As the heliospheric current sheet moves up and down, associated changes occur in plasma density and the direction of the magnetic field. Localized events in the corona of the sun affect the magnetic configuration and modify the properties and position of the HCS. The total radial current flowing in the HCS has been shown to be of the order of 3 billion amperes. The effect of the polarity of the HCS arising from the Sun’s magnetic field is that protons are deflected to the south and electrons to the north. [See G.W. Prolss, “Physics of the Earth’s Space Environment: An Introduction,” Translated by M.K. Bird, pp. 312-313, Springer 2004]. The same may be said for all charged particles, with positive charges being moved to the south and negative charges to the north. This will have its effect on the virtual particle pair distribution and hence on the properties of the vacuum to the north and south of the HCS. This will manifest in a slight change in the rates of radioactive decay to the nuclides in this environment.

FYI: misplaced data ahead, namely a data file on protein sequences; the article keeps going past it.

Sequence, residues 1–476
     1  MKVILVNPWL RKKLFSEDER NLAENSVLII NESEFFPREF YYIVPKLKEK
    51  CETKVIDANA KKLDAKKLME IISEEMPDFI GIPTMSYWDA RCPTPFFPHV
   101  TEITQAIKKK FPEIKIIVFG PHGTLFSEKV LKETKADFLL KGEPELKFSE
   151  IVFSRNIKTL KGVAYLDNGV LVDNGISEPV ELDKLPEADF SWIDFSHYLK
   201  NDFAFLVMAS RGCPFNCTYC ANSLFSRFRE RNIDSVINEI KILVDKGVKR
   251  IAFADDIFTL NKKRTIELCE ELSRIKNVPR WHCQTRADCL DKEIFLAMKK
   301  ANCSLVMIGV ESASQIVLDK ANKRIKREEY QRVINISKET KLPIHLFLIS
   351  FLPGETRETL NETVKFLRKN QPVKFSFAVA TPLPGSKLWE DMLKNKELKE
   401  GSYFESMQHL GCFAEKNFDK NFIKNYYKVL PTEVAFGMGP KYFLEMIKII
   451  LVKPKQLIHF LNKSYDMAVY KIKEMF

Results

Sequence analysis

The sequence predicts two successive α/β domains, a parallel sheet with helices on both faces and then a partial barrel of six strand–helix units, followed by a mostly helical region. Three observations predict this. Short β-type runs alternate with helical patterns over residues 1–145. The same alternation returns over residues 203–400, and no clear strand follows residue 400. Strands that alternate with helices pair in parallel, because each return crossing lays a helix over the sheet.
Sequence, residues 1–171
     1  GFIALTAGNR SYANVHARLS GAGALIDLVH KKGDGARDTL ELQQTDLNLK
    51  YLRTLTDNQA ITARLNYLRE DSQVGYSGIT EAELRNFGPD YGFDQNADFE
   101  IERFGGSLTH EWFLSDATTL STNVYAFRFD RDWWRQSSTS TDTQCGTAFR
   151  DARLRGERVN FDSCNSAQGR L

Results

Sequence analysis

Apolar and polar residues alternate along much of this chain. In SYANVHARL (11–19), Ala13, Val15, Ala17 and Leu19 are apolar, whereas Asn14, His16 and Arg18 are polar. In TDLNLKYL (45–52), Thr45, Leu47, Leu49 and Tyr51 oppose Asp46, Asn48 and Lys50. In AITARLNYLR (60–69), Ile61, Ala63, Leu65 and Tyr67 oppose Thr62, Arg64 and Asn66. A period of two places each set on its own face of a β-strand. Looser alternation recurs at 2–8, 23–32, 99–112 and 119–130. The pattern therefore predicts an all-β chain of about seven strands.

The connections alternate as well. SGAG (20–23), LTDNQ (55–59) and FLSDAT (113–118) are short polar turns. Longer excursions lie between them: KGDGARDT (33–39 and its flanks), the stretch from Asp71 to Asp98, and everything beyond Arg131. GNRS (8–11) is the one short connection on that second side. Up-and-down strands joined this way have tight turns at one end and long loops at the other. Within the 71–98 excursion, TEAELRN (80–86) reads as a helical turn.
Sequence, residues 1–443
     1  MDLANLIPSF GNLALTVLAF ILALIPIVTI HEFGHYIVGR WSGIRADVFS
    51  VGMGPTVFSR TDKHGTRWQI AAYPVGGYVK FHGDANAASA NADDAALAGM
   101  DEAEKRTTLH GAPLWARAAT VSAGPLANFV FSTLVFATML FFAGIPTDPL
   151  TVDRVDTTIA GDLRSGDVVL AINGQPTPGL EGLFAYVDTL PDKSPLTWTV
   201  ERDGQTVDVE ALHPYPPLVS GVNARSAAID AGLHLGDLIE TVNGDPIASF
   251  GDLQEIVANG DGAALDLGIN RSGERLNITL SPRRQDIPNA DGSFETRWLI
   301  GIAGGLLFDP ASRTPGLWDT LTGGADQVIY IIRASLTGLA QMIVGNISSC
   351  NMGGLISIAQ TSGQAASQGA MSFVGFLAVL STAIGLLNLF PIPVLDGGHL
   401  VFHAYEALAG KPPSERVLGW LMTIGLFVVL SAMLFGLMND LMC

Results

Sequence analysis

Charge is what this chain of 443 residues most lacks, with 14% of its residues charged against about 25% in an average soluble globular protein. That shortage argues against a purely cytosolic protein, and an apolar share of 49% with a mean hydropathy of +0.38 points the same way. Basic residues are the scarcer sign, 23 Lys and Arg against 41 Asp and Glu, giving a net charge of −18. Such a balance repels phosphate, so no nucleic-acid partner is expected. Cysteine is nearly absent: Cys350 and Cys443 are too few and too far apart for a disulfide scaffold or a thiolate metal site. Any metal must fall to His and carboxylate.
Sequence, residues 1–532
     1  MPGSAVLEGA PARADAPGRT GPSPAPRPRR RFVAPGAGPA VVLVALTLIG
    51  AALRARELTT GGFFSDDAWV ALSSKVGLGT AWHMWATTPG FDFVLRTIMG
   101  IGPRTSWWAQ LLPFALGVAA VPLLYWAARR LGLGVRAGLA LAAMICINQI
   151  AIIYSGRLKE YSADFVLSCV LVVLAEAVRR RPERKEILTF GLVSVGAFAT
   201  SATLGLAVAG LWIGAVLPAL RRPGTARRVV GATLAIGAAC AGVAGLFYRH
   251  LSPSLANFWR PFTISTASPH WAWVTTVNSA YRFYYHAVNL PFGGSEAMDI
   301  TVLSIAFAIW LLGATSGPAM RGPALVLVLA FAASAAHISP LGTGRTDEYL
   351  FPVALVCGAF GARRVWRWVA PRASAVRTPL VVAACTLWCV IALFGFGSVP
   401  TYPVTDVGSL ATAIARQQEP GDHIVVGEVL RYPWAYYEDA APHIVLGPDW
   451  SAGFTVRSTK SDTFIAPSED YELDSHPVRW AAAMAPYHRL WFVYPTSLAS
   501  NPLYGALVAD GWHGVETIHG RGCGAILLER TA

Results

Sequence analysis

One final comment can be made. The action of solar neutrinos has been invoked to explain these three effects. It should be noted however, that this may be an explanation for the 33 day pattern as that had been picked up by the decay rates of silicon 32 and chlorine 36. Since both of these isotopes decay by a Beta process, which involves neutrinos, that is a possibility. The annual variation was picked up using silicon 32 again, but also with radium 226. As noted, silicon 32 is a Beta process involving neutrinos. However the situation with radium 226 is entirely different, since it decays by an Alpha process where neutrinos are not involved. Finally, the situation with solar flares was found using manganese 54 which decays by a Gamma process. Therefore, all three main types of decay are involved, of which only one involves the action of neutrinos. Therefore, the action of neutrinos does not appear to be a viable mechanism. However the action of the ZPE appears to present a consistent explanation for all the observed effects on radioactive elements.